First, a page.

The compulsory license provisions in section 118 of the Act for noncommercial broadcasting are quite different from those relating to jukeboxes and CATV systems. The terms and conditions of the compulsor license under section 118 are not spelled out in the statute, but are left for the Copyright Royalty Tribunal to establish.

Section 118 contemplates that copyright owners and noncommercial broadcasters, or groups of them on either side, may negotiate their own licensing agreements, and these are given effect. For those instances where no such voluntary agreement is made, the Royalty Tribunal is to establish the "rates and terms" for the permitted uses of the specified categories of copyrighted works by the broadcasters, after considering proposals submitted to it by any interested parties and the rates for comparable circumstances under existing voluntary license agreements. The rates and terms for the compulsory license are to be reviewed and prescribed anew by the Tribunal every five years.

No express provision is made for the collection and distribution of royalty payments. It is provided that the Tribunal is to establish "requirements by which copyright owners may receive reasonable notice

of the use of their works under this section, and under which records of such use shall be kept" by the broadcasters. Apparently, the copyright owners or their group agencies are expected to collect their own royalties.

A.4.6.4 Concluding Comments. If a voluntary clearinghouse satisfactory to both copyright owners and users can be organized, that would seem to be preferable over a statutory compulsory licensing scheme. A voluntary clearinghouse would be more nearly in accord with the basic philosophy of copyright which contemplates that the author should have control over the use of his work. Congress seems to have demonstrated its preference for voluntary licensing arrangements in the provisions of section 118 of the Act of 1976, suggesting that the copyright owners and noncommercial broadcasters should try to negotiate voluntary agreements between themselves, and giving such agreements effect over the compulsory licensing scheme to be devised by the Copyright Royalty Tribunal. Perhaps the most important consideration is the greater flexibility of a voluntary arrangement and its easier accommodation, by negotiations between the groups concerned, to experience and changing circumstances.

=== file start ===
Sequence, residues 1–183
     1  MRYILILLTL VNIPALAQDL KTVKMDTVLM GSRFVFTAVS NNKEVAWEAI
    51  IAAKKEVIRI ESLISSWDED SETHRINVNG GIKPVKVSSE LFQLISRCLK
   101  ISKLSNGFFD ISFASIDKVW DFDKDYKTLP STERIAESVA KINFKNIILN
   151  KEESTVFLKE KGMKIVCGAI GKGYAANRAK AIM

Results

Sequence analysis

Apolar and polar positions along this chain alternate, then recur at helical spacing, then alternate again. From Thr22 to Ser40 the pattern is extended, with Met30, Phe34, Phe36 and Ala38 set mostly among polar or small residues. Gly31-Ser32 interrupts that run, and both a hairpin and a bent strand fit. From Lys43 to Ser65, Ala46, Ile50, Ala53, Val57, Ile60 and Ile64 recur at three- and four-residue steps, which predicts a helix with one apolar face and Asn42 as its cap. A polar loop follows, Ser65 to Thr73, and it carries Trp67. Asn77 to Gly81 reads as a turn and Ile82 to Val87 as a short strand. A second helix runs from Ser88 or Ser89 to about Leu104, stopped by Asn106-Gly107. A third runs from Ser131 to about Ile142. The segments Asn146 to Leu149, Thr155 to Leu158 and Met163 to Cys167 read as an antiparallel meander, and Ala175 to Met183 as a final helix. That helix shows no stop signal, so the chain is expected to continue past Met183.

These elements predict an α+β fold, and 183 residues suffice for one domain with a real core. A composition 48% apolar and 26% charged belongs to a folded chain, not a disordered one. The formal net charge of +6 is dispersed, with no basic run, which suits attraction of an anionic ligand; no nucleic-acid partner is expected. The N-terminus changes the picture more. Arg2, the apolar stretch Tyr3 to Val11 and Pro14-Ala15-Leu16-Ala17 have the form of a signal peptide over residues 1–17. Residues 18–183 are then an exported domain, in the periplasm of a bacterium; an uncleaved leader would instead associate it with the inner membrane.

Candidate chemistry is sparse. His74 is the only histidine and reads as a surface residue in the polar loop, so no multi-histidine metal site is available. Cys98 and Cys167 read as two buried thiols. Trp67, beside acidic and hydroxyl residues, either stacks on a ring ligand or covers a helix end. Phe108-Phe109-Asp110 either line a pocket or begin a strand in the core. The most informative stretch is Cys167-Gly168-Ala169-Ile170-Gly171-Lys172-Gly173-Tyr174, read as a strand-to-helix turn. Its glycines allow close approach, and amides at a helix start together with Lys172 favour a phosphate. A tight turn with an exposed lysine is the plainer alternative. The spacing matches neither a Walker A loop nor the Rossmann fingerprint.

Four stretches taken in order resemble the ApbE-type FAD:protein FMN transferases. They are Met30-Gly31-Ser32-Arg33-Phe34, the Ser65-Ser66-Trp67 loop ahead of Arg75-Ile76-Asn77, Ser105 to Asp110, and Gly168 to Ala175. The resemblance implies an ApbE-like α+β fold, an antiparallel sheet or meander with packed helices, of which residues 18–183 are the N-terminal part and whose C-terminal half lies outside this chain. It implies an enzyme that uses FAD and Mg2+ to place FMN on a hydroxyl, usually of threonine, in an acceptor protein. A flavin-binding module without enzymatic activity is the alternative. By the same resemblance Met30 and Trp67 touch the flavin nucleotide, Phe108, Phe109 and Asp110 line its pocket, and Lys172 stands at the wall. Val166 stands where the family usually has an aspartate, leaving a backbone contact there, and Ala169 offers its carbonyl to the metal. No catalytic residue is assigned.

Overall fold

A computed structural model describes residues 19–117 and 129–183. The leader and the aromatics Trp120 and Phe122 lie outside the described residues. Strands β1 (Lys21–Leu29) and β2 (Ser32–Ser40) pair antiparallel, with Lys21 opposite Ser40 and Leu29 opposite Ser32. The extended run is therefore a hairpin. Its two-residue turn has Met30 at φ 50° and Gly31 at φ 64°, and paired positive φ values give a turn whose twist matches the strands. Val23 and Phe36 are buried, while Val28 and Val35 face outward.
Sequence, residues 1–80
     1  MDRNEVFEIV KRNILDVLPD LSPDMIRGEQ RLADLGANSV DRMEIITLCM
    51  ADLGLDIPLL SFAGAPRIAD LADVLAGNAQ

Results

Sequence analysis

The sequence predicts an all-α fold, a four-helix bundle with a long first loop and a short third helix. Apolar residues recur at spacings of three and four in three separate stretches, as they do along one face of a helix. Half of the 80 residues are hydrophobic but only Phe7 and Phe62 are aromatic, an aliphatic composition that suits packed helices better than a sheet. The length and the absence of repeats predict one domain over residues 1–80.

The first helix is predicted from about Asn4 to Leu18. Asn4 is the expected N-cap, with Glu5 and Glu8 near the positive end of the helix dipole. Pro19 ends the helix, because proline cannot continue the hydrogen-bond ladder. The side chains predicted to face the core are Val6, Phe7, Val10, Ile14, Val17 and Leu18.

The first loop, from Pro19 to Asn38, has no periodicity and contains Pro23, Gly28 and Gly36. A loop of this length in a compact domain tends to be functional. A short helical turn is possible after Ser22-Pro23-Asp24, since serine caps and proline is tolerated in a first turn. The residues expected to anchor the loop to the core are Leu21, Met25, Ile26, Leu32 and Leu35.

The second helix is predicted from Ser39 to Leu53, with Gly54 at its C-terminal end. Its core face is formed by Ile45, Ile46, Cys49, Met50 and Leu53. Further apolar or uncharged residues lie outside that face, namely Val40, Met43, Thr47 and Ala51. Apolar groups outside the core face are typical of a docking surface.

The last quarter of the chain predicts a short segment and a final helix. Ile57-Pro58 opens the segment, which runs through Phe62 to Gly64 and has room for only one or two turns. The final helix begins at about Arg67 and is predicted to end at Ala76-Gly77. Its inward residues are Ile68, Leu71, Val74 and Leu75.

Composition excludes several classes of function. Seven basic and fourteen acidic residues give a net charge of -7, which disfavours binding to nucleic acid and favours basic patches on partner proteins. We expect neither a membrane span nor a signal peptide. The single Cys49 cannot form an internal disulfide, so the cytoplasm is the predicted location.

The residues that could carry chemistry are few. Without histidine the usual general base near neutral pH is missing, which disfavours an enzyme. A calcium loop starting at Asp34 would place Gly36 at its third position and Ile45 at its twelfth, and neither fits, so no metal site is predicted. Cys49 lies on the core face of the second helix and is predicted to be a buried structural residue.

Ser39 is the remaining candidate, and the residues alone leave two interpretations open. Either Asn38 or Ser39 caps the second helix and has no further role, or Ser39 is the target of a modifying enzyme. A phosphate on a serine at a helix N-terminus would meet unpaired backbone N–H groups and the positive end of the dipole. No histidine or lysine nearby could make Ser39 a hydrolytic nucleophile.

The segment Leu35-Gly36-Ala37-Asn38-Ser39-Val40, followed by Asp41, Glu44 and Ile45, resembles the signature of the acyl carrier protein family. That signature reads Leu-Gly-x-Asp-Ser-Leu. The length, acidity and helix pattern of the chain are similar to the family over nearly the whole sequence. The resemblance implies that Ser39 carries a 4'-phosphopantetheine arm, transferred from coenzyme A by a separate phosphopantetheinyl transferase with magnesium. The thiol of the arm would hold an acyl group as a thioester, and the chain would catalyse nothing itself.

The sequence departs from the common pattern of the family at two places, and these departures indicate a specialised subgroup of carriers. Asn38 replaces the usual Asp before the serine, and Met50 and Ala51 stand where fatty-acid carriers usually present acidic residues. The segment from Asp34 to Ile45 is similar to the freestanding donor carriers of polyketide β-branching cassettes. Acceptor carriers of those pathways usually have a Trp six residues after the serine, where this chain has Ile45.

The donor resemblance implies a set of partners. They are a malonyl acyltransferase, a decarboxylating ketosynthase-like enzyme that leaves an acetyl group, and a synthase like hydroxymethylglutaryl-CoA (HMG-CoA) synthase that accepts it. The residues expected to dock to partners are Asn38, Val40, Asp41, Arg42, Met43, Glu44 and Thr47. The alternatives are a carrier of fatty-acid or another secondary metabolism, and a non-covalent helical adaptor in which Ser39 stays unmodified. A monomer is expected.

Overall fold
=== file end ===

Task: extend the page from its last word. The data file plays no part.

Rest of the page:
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The conceptualization of the characteristics of STI Systems is important in order to develop an understanding of their capabilities as they might impact copyright law issues. As we have seen in Section 2, the development of new technologies has oftentimes raised serious legal issues in defining the applicability of these new technologies within the existing bounds of copyright law.

The development of computer technology has led a variety of organizations to incorporate the computer as an essential element of the organization resources. At first, the computer was used mainly as a tool to replace human resources in time consuming repetitive tasks. Within a relatively short time period, advances in electronic technology led to more and more applications for which computers offered benefits to increase the operational scope of organizations. One such application, the scientific and technological information (STI) System will be described in detail, and a brief history of some of its salient characteristics will be presented.